Network surface question

 From:  Michael Gibson
4266.4 In reply to 4266.1 
Hi David,

> When creating a network surface it appears that how
> well the surface matches the curves is dependent on
> the number of control points on the related curves.

No, not really - probably what you were seeing was just a display artifact - part of the process of displaying a surface on the screen involves breaking it down into triangle pieces because your video card only really knows how to display triangles.

2 independent surfaces that are just sitting adjacent to each other can end up with slightly different triangle structures.

Once you join them together to have a shared edge, the triangles will be created with the knowledge of that join so they will have the same triangle structure along that shared edge and that will make for a cleaner display.

Similarly if you join surfaces up it will help to make a better mesh in those areas when exporting to a polygon mesh format like OBJ or LWO.

But in the meantime while you are in the MoI viewport is not too unusual to see a few little glitches here and there in the display - it's not really possible for the display to be perfect because there are various compromises that have to be made in order for it to be fast and responsive. So there are some kinds of little graphical glitches that you should just basically ignore and not really get too worried about. Sometime in the future I will probably be able to tune things up to reduce a few kinds of additional display glitches, but it is a sensitive area for performance - I've got to be careful not to remove glitches at the expense of slowing things down too much.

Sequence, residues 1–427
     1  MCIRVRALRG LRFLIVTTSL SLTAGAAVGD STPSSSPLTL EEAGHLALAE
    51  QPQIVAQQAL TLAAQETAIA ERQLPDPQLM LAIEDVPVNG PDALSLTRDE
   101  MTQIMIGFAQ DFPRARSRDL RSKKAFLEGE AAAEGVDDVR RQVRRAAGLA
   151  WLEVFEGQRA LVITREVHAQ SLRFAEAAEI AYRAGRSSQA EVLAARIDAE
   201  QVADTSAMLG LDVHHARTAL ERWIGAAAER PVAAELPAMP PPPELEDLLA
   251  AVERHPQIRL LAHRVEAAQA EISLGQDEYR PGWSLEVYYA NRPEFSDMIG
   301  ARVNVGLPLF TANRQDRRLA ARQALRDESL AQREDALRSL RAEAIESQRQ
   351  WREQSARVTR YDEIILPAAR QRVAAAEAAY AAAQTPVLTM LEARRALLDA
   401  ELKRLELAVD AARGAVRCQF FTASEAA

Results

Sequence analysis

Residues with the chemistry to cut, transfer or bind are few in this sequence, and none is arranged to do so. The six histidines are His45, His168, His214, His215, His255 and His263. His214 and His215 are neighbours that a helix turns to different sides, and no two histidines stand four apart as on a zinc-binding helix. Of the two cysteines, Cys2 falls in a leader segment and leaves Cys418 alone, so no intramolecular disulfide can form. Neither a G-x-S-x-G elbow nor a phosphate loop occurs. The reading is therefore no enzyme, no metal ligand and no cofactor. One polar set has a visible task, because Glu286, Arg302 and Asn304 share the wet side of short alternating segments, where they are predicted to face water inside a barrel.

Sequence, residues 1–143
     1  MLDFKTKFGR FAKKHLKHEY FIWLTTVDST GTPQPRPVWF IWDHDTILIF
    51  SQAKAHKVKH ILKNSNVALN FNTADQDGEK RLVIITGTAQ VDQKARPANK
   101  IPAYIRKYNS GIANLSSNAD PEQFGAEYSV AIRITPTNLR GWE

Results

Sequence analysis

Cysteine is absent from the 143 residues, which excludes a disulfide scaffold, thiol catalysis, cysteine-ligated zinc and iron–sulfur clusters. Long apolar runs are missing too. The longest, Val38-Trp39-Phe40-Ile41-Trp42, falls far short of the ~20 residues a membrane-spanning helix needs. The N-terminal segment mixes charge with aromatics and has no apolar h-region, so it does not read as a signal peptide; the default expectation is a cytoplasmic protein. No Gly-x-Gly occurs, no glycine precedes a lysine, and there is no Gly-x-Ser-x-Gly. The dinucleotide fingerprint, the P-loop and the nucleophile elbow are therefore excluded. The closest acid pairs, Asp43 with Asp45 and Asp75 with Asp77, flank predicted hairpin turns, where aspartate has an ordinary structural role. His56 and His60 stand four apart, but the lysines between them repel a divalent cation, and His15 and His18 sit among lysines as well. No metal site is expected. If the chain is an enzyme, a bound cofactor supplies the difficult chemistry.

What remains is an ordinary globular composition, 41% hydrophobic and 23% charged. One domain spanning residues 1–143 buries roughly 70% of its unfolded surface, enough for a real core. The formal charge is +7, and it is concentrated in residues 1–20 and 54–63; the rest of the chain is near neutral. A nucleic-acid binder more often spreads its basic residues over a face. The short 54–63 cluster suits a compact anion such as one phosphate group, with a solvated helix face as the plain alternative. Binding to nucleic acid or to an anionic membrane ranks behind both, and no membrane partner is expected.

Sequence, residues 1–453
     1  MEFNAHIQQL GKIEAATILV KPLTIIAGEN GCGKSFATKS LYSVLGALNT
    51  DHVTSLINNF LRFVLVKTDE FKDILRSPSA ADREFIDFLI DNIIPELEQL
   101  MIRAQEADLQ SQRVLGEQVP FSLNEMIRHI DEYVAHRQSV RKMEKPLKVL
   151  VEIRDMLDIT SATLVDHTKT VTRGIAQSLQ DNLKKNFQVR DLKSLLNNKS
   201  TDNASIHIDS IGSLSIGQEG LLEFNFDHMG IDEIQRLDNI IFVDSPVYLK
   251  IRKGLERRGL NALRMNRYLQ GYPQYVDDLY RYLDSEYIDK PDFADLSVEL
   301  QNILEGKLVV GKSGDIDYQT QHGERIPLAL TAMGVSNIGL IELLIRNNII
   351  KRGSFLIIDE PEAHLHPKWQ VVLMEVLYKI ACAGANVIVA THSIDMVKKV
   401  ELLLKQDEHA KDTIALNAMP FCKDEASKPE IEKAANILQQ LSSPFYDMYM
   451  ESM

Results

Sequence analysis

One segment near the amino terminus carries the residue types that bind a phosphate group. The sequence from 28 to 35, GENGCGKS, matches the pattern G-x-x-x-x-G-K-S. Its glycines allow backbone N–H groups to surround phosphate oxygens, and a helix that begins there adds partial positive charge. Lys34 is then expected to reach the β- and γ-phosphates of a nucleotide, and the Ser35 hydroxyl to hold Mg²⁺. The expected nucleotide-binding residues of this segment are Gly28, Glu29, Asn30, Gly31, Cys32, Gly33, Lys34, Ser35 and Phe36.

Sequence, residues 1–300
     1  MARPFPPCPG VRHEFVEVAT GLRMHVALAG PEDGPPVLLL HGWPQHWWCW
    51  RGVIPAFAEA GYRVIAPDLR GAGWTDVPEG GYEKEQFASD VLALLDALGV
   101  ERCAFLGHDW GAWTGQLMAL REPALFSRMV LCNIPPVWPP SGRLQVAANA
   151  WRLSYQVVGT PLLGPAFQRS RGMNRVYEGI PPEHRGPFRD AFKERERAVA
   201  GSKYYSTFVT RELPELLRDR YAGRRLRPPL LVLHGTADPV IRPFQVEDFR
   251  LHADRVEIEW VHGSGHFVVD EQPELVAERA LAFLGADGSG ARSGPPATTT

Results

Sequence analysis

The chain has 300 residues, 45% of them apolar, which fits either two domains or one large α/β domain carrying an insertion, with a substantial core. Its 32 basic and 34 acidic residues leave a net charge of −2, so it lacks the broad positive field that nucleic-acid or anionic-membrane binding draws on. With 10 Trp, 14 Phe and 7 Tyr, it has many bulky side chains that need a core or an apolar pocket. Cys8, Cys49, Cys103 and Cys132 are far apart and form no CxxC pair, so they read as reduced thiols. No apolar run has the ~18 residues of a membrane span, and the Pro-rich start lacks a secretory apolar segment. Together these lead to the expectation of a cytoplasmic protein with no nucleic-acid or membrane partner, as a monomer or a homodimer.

There is a problem though currently with Network where it can sometimes make a result that is just slightly out of join tolerance because it tries to make things with a little bit lighter accuracy in order to help keep the surface control point density down. If you run into this where the result of a Network will not join to another adjacent piece, you can scale the objects down by 1/10 in size and then join them, see here for some more info on that:

- Michael